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Affordability of National Flood Insurance Program Premiums: Report 1 (2015)

Chapter: Appendix D-- Invited Guest Speakers at Committee Meetings

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Suggested Citation:"Appendix D-- Invited Guest Speakers at Committee Meetings." National Research Council. 2015. Affordability of National Flood Insurance Program Premiums: Report 1. Washington, DC: The National Academies Press. doi: 10.17226/21709.
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Appendix D

Invited Guest Speakers at Committee Meetings

Federal Agencies

Thomas Hayes, Federal Emergency Management Agency, Washington, DC

Ryan Janda, Federal Emergency Management Agency, Washington, DC

David Miller, Federal Emergency Management Agency, Washington, DC

Andy Neal, Federal Emergency Management Agency, Washington, DC

Alicia Cackley, Government Accountability Office, Washington, DC

Pat Ward, Government Accountability Office, Washington, DC

Dan Hoople, Congressional Budget Office, Washington, DC

Todd Richardson, Department of Housing and Urban Development, Washington, DC

Josh Sawislak, Department of Housing and Urban Development, Washington, DC

Other Government Agencies

John Dorman, North Carolina Department of Public Safety, Raleigh

Katherine Grieg, New York City Mayor’s Office, New York

Tim Trautman, Charlotte-Mecklenberg County, Charlotte, NC

Suggested Citation:"Appendix D-- Invited Guest Speakers at Committee Meetings." National Research Council. 2015. Affordability of National Flood Insurance Program Premiums: Report 1. Washington, DC: The National Academies Press. doi: 10.17226/21709.
×

Nonprofit and Trade Organizations

Chad Berginnis, Association of State Floodplain Managers, Madison, WI

Birny Birnbaum, Center for Economic Justice, Austin, TT

Steve Brown, National Association of Realtors, Washington, DC

Susan Gilson, National Association of Flood and Stormwater Management Agencies, Washington, DC

James Lynch, Insurance Information Institute, New York, NY

Frank Nutter, Reinsurance Association of America, Washington, DC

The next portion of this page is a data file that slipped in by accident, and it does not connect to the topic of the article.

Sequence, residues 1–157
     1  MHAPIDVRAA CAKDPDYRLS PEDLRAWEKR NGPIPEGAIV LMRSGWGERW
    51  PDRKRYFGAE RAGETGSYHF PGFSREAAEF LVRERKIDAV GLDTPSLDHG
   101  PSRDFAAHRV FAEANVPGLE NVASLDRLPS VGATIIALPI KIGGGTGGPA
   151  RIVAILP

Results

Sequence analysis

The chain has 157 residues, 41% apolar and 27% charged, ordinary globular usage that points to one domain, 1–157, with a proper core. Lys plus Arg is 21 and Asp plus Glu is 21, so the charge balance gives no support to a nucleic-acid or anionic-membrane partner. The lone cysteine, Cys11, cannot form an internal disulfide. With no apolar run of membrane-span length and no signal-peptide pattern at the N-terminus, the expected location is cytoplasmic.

Tabby Waqar, National Association of Home Builders, Washington, DC

Research Organizations

Craig Colten, The Water Institute of the Gulf, Baton Rouge, LA

Suggested Citation:"Appendix D-- Invited Guest Speakers at Committee Meetings." National Research Council. 2015. Affordability of National Flood Insurance Program Premiums: Report 1. Washington, DC: The National Academies Press. doi: 10.17226/21709.
×
Page 141
Suggested Citation:"Appendix D-- Invited Guest Speakers at Committee Meetings." National Research Council. 2015. Affordability of National Flood Insurance Program Premiums: Report 1. Washington, DC: The National Academies Press. doi: 10.17226/21709.
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Page 142
Next: Appendix E-- NFIP Flood Designations »
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The National Flood Insurance Program (NFIP) is housed within the Federal Emergency Management Agency (FEMA) and offers insurance policies that are marketed and sold through private insurers, but with the risks borne by the U.S. federal government. NFIP's primary goals are to ensure affordable insurance premiums, secure widespread community participation in the program, and earn premium and fee income that covers claims paid and program expenses over time. In July 2012, the U.S. Congress passed the Biggert-Waters Flood Insurance Reform and Modernization Act (Biggert-Waters 2012), designed to move toward an insurance program with NFIP risk-based premiums that better reflected expected losses from floods at insured properties. This eliminated policies priced at what the NFIP called "pre-FIRM subsidized" and "grandfathered." As Biggert-Waters 2012 went into effect, constituents from multiple communities expressed concerns about the elimination of lower rate classes, arguing that it created a financial burden on policy holders. In response to these concerns Congress passed The Homeowner Flood Insurance Affordability Act of 2014 (HFIAA 2014). The 2014 legislation changed the process by which pre-FIRM subsidized premiums for primary residences would be removed and reinstated grandfathering. As part of that legislation, FEMA must report back to Congress with a draft affordability framework.

Affordability of National Flood Insurance Program Premiums: Report 1 is the first part of a two-part study to provide input as FEMA prepares their draft affordability framework. This report discusses the underlying definitions and methods for an affordability framework and the affordability concept and applications. Affordability of National Flood Insurance Program Premiums gives an overview of the demand for insurance and the history of the NFIP premium setting. The report then describes alternatives for determining when the premium increases resulting from Biggert-Waters 2012 would make flood insurance unaffordable.

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